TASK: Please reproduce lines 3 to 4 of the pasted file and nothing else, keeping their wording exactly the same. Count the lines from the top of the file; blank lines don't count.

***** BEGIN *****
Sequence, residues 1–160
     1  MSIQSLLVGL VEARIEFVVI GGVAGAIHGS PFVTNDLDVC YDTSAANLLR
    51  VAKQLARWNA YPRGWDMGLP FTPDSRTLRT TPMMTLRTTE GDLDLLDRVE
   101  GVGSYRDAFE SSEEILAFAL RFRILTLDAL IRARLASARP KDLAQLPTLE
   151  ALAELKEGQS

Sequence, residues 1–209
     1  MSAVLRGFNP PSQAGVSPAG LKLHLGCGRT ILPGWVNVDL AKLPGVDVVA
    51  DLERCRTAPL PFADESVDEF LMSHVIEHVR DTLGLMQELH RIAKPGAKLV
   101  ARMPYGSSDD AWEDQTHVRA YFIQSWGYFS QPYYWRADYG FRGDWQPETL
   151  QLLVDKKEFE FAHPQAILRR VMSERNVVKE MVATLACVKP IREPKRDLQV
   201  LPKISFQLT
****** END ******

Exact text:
    51  VAKQLARWNA YPRGWDMGLP FTPDSRTLRT TPMMTLRTTE GDLDLLDRVE
   101  GVGSYRDAFE SSEEILAFAL RFRILTLDAL IRARLASARP KDLAQLPTLE